A recent chat about glue in a Facebook beading group got me thinking: How much do we really know about the glue we work with?
Today, you’ll learn some interesting facts and useful tips on using E6000 and G-S Hypo Cement, two glues that we stock and that cover perhaps all beading uses.
There’s a reason you never see ads for this polyurethane-based glue: it sells itself. It sticks to just about anything – wood, metal, glass, leather, rubber, vinyl, ceramics and many plastics. It’s resistant to humidity, extreme heat, is waterproof, flexible, and non-flammable, and dries clear and paintable! Oh, and it dries quickly, depending on humidity. It gets tacky in about 2 minutes, sets in 10, and fully cures in 24-72 hours.
It is not recommended for polystyrene, polyethylene or polypropylene plastics (used mostly for food and beverage containers). If you need to clean a bit up, use small amounts of acetone or a citrus-based solvent, but do it before it cures. Once it’s cured you’ll need to cut or scrape it off.
Because it’s guaranteed to deliver industrial strength, I used E6000® Clear Glue to hold my kitchen table together after hubby and I fudged the assembly of the IKEA table!! LOL Well, two years later, it’s still good. Here are a few links to useful pages:
This tiny tube with its fine precision applicator was created in the 1930s for the watchmaking and jewelry repair industries.
Like E6000, G-S Hypo Cement dries clear and sets in 10 minutes, but it differs in that it’s only medium-strength – it doesn’t fuse surfaces (nor does it bond fingers like a few other precision application glues). But it’s important to note that it is a highly flammable liquid and vapour.
It’s so useful for jewelry makers because it is ideal for non-porous surfaces and won’t damage foil backings or precious surfaces – like the foil backings of many cabochons.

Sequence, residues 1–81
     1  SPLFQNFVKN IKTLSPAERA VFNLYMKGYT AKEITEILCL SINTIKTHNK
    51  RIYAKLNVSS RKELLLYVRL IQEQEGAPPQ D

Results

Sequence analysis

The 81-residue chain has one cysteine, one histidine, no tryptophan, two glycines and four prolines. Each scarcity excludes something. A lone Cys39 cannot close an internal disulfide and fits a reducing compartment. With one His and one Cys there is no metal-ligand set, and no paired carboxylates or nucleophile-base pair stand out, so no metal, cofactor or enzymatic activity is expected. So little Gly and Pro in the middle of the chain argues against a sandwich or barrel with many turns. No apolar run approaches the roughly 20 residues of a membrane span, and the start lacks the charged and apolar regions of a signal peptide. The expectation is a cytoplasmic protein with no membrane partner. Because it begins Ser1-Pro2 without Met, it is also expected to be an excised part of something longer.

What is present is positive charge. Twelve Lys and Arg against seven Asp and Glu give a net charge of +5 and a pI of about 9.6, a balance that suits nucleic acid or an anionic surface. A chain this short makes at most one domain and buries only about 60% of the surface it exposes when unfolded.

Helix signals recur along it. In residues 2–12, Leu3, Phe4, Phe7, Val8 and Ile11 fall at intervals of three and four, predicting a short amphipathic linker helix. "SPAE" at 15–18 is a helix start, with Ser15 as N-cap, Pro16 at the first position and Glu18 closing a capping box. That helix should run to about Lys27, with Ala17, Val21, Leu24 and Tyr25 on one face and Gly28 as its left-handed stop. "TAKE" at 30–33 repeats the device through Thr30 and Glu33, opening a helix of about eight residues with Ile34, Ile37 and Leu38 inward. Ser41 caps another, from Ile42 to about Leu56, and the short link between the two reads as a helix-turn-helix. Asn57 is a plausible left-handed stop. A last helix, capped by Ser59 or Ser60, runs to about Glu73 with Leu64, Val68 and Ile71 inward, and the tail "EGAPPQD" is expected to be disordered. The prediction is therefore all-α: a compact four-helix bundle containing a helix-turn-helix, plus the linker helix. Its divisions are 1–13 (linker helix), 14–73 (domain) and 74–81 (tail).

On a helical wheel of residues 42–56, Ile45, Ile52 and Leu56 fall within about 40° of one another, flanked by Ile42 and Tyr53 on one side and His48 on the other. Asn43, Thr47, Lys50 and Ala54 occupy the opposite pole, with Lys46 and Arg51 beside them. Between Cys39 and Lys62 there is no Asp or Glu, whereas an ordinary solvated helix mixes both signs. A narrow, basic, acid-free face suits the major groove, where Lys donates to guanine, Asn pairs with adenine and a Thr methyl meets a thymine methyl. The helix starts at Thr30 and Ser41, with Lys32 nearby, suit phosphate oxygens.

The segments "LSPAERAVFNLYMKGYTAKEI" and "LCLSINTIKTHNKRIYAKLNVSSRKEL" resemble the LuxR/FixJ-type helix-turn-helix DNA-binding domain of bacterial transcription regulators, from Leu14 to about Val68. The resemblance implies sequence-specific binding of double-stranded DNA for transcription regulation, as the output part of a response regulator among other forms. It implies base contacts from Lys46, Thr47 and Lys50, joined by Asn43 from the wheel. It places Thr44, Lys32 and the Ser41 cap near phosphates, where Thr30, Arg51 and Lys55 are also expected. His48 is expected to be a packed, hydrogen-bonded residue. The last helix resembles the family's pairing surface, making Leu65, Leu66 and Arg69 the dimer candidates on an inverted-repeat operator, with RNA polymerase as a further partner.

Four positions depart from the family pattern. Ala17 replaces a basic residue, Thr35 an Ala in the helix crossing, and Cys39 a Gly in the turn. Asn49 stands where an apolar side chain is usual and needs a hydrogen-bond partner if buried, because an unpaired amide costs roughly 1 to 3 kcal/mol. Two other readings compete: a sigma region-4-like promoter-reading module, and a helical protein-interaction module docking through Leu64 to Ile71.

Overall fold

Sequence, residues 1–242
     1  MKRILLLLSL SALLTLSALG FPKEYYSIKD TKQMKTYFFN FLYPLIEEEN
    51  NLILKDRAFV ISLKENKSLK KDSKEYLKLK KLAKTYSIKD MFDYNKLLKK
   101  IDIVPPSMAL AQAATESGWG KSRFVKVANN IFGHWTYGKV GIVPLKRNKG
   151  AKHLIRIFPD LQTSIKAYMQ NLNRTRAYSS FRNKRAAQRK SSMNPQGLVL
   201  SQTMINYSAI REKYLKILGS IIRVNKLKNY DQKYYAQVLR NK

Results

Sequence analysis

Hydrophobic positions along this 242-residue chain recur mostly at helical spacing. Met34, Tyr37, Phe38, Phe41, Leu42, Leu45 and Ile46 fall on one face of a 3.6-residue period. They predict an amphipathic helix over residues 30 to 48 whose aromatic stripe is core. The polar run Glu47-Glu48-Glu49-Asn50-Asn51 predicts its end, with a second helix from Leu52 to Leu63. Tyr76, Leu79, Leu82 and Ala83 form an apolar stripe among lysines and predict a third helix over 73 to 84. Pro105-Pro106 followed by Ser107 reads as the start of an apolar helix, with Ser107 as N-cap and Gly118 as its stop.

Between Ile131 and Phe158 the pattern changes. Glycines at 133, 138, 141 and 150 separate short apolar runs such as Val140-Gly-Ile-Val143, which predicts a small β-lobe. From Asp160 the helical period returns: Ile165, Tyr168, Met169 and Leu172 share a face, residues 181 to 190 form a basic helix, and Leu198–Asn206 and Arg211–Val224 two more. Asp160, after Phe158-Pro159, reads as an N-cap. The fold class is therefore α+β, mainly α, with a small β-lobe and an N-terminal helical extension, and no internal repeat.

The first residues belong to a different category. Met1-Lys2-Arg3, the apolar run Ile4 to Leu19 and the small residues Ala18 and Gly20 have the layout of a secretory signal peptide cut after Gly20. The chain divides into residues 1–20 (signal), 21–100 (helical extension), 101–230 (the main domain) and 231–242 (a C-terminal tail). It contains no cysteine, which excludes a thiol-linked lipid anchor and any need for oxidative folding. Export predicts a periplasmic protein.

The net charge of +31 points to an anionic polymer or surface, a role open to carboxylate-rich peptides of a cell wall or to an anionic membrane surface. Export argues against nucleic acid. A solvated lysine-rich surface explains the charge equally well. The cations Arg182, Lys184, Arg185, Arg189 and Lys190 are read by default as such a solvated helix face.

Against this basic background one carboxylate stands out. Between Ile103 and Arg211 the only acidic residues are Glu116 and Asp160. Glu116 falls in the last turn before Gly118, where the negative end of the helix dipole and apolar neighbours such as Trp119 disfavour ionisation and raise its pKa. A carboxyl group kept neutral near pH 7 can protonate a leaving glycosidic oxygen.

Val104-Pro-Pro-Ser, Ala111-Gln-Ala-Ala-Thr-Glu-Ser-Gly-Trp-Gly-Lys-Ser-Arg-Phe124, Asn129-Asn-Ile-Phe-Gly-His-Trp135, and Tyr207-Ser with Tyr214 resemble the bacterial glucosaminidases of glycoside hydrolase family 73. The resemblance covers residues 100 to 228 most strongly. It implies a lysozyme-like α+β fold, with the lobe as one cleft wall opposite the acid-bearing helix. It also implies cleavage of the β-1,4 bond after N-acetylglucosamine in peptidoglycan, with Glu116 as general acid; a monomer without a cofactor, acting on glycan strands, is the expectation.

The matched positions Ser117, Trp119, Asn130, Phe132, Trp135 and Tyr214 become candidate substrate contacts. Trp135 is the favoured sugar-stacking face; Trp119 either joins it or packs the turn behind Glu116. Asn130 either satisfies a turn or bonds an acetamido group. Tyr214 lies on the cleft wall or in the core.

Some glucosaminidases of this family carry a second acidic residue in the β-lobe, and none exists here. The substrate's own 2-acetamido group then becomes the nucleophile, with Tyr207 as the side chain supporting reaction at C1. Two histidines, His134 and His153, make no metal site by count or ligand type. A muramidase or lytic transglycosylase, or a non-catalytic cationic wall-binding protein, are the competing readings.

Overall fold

This cement can be removed easily with a bit of rubbing alcohol or nail polish remover.
Because the applicator is so fine, a few tips on how to use it are useful:
- Store it standing with tip up (in a spice jar perhaps?).
- Never squeeze to release glue as this may dislodge the nozzle. After removing the cap, hold it in your palm to warm it and get the glue flowing (depending on where you live this might not be needed).
- Once you’ve finished up, hold the tube upright for a bit, wipe the tip with a bit of nail polish remover or rubbing alcohol, and replace the cap. I’ve found that a pair of magnifiers on your glasses help, or place the applicator flat against your finger to help guide the cap wire into the precision applicator.
- To set the tube aside while working on multiple applications, place it upright in the holder you have designated for it with a piece of sponge soaked in nail polish remover over the applicator.
And here are a few links to useful pages:
Doing my part to help us stick together, my beadiful buds!